Generation X, Popularly Known As “Millennials” By Americans

1484 WordsMar 10, 20176 Pages
Generation X, popularly known as “Millennials” by Americans and the internet culture are undoubtedly the scapegoats for the 21st centuries’ niche social problems. Web bloggers have declared Millennials the sole reason for having ruined such complex social issues such as marriage, and the idea of the American dream, to other, not so convoluted problems like the falling sales of bar soap and the increase sales of tree killing novels. However, these bloggers have yet to blame this generation for seemingly their largest offence yet, something that could well, and truly, effect all of mankind throughout the digital age; internet privacy. Having not lived in a time with any devices to put their private information into, most millennials see the…show more content…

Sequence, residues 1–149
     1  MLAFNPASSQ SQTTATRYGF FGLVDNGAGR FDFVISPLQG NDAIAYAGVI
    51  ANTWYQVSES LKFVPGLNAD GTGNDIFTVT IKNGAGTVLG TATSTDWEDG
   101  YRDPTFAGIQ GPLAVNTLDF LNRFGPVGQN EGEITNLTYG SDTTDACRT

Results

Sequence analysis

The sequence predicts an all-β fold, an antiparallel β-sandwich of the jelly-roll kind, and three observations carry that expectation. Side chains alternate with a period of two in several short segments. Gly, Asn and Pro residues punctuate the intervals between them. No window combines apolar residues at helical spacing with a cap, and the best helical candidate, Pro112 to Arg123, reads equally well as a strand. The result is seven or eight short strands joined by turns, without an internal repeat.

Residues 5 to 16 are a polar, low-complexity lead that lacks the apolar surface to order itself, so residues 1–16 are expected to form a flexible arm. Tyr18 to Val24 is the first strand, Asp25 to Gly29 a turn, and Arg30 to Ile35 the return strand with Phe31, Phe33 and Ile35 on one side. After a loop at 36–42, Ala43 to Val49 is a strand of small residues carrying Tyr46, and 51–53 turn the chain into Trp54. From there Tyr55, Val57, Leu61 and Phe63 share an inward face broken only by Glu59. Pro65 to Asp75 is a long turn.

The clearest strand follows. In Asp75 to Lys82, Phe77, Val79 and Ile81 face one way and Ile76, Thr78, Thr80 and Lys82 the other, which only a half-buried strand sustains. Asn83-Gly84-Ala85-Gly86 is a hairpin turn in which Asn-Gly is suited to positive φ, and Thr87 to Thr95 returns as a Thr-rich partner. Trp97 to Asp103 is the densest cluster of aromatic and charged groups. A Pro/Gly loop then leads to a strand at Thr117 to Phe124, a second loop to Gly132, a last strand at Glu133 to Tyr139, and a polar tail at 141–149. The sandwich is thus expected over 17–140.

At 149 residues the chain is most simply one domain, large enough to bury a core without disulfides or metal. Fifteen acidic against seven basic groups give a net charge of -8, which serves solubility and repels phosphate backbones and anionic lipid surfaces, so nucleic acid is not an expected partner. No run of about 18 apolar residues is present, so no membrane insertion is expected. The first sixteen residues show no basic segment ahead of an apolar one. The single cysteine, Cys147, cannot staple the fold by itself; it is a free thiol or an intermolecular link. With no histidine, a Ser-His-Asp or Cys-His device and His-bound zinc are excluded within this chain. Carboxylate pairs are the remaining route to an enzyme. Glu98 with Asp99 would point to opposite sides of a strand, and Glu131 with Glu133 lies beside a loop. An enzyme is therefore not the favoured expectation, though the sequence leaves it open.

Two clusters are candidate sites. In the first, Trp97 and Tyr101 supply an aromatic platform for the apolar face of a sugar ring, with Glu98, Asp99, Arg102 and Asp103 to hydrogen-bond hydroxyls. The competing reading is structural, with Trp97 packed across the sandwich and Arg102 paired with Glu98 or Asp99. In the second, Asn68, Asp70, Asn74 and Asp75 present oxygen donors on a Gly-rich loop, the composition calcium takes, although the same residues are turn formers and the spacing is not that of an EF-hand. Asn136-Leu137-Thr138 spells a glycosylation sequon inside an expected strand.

When millennials are accused of failing to legitimize privacy on the internet, the accusers, who are sometimes millennials themselves, forget the home field advantage they have grown up in. One such example of that is social media, which has expanded to widened use across all generational gaps, making an ideal control group. A similar report to that of the Media Insight Project by the Pew Research Center gathered statistical evidence comparing how millennials, and older generations censor themselves while on social media platforms. The study showed that the age group 18 to 29 are more likely to limit personal data available online, change privacy settings, delete unwanted comments, and remove their names from photos, all in the name of internet privacy (Madden/Smith 1). This is still rather contradictory. How can many young millennials take steps to hide themselves when only a small majority actually worry most about the issue? It could be possible the majority fears something else. Instead of individuals hiding information from a larger, more powerful, and unknown entity, a noticeable shift has begun where we now only attempt to hide from each other. Looking back on the research made by the Media Insight Project, the number one thing feared by millennials is identify theft, whereas government surveillance is a low sixth on the

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